I can't answer your question about the maximum numbers that can be blocked. At first I used the option to block the number. In response, all the spammers had to do was spoof another number and the situation repeated. Then I saw that someone had tried Callsafe and that it worked, so I tried it myself and was pleased with result. The caller just has to identify himself and that gives me the opportinity to accept or deny. They don't and so I never even hear the request - Result! I do have the opportunity to login to my account add/delete approved numbers. Spurious numbers are shown unapproved. I just have to enter my approved family and business numbers. I think TalkTalk just wait till you have the problem then suggest the answer.
I've read your message. And thought I could help.
Go to play store and install on yr computer that is !
The app,s called... STOP HACKERS& SECURITY LOG DOG IT PROTECTS EVERYTHING. TRUST ME IT WORKS. I HAD SIMILAR LAST WEEK TOLD THEM TO F-OFF!!
YOU can read what the app does its fantastic and it'll stop those irrataiting calls you've been getting and piece of mind..
All the security apps in the world cannot stop this type of thief people are being plagued with. LogDog is not a free app “if you store private information on your Gmail, Dropbox, Facebook, Twitter or Evernote accounts, you need to be 100% sure that your privacy is protected against spyware and hacking and that your internet security is maintained”.
The type of thief we are dealing with is an unsolicited caller who convinces people they have a problem with their PC/Laptop/router/other items that do not spring to mind, this in order for them to gain access to the PC/laptop to obtain bank details. Most often than not it is people who are in a vulnerable position and they jump into panic mode when in reality there is nothing wrong at all with the PC/laptop.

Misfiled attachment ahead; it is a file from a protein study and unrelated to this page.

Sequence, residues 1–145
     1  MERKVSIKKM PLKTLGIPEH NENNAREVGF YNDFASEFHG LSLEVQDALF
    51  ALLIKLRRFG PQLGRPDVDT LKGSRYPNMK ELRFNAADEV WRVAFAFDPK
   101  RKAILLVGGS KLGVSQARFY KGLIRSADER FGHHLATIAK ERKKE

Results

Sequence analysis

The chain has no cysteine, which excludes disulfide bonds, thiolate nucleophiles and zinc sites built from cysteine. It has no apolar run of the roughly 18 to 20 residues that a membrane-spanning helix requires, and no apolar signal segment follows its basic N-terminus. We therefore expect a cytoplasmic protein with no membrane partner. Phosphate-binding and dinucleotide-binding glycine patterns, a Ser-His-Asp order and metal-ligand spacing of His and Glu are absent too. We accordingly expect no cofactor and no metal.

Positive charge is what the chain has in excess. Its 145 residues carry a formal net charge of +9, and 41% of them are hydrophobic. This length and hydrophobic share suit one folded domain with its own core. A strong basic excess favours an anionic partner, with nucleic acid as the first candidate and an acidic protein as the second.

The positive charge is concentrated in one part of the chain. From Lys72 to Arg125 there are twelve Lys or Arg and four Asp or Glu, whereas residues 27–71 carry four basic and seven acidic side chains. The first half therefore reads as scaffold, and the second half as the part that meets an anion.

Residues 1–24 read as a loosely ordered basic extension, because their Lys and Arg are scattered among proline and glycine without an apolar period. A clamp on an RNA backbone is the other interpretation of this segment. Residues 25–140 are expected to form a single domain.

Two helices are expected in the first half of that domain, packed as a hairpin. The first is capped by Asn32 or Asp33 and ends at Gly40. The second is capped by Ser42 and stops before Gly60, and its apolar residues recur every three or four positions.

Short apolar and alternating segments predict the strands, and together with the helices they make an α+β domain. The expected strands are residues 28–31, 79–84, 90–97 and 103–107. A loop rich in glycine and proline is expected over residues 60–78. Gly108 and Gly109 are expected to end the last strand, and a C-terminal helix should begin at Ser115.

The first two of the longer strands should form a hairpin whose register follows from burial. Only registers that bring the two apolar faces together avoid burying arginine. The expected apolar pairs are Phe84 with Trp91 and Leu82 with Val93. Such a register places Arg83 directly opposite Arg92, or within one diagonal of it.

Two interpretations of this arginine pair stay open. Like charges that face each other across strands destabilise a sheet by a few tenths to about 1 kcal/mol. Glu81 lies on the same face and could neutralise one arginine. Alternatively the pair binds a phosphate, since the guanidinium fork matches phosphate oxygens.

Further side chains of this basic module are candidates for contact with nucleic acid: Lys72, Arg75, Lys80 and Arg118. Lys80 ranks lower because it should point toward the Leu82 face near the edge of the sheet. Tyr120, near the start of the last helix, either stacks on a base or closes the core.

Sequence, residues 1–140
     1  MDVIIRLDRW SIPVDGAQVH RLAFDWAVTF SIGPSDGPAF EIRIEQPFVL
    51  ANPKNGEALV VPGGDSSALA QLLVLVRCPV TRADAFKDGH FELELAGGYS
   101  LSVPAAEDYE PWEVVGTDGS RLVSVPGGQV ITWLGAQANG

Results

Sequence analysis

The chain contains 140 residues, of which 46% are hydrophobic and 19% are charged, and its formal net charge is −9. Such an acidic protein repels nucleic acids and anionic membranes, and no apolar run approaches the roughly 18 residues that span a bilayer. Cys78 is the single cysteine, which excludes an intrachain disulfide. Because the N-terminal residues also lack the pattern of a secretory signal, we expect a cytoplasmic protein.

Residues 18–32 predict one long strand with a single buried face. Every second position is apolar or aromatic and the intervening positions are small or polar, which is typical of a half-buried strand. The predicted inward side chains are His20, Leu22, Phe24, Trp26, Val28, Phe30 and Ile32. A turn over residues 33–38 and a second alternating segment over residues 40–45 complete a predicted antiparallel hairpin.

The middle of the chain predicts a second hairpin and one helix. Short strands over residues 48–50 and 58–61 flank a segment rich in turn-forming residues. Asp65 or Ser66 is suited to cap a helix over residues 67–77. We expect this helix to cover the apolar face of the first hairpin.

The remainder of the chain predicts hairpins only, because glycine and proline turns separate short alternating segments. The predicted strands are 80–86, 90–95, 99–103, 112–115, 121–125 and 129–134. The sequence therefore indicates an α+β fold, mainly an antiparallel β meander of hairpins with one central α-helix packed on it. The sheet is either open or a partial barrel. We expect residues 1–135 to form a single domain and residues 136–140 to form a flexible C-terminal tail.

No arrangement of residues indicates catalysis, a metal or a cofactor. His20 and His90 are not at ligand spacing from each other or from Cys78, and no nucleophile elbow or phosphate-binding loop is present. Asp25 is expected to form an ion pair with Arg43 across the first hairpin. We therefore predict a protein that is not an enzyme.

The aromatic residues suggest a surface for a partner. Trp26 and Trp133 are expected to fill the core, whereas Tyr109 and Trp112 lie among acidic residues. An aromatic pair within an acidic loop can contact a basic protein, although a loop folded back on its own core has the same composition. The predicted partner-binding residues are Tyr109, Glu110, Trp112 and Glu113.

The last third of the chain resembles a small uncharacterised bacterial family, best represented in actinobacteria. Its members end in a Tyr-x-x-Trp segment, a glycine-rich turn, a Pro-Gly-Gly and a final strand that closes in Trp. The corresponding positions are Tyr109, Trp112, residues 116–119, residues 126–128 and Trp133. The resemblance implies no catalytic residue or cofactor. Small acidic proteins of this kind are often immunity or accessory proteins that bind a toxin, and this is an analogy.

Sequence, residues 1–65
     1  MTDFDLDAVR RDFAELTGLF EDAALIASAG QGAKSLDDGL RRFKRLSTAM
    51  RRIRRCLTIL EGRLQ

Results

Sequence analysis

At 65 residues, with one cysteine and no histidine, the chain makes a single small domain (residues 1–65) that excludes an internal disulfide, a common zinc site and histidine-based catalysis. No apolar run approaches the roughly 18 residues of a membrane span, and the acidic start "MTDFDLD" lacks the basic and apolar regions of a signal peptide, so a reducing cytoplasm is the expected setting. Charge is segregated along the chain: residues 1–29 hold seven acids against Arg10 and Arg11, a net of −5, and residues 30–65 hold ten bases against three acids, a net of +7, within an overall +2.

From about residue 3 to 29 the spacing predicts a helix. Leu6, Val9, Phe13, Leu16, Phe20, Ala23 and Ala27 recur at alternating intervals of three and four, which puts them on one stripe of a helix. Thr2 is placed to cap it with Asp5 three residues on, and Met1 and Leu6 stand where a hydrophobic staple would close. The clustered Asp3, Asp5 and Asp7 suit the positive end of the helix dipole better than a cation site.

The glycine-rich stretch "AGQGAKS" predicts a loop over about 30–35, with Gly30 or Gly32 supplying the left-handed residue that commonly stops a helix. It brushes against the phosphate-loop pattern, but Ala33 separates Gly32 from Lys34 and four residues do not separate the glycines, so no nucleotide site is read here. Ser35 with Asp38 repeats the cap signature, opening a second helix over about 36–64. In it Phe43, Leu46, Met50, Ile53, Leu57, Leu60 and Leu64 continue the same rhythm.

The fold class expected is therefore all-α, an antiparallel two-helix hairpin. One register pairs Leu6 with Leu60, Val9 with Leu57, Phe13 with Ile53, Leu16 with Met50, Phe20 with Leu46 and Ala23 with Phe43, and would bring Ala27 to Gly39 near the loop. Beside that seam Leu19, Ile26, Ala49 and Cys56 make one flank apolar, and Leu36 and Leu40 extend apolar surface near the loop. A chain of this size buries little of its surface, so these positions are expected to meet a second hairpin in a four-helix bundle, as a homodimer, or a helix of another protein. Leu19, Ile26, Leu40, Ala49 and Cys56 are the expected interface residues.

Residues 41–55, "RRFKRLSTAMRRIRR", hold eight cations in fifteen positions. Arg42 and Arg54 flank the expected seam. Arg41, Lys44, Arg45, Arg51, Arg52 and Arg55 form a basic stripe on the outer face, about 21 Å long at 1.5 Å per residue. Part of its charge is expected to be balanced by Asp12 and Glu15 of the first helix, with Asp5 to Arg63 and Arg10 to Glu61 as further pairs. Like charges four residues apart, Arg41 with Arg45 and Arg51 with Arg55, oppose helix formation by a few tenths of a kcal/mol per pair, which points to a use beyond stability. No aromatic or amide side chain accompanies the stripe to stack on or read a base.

A friend of mine had some trouble with her laptop and an email problem, I sorted this out for her and cleaned her laptop up in doing so I installed Malwarebytes + other software, although she had given remote access to her laptop fortunately had not passed any bank details.
This thief was looking at her laptop was in the stage of convincing her of the big problems that were visible mentioned Malwarebytes + other software I had installed as very nasty virus and they needed to be removed immediately for a cost of £100+.
My friend trusts me and knows I would never install malicious software, she was having a bad day caught at the wrong moment it clicked that it was a thief on her phone and hung up. I got a call from her a few minutes later and I advised her to conduct some checks with her bank, I check her laptop again and all was well. The laugh is I do this stuff with friend’s laptops/PC for something to do and for free.
The safest way is not getting these calls in the first place, this then protects the vulnerable or people on bad day being conned.
Blocking these calls either using the blocking phones (which are not cheap) or now using the tools offered by some providers for free.
Since yesterday I have carried out checks of some providers who do now provide a service to stop the calls most of them state they have a system of gathering the numbers and blocking them along with users who can block their own numbers. There is an area for improvement in this by providers, all these numbers should be on a mutual black list, many callers never have international calls, they should be able to block these for free, the same for VOIP numbers from outside this country.
Unfortunately, the providers are always going to be at least 3 steps behind these thieves, an intelligence led proactive concept needs to be set up with all providers feeding into, these thieves see easy money to be made, it needs to be made as difficult and as expensive as possible in order to reduce it.
using TeamViewer and asked me to click on Join Remote Control Session which I refused and ended the call that as my machine was working OK. I tried to solicit out of him if the problem was a virus and if it effected Windows but he refused to describe further.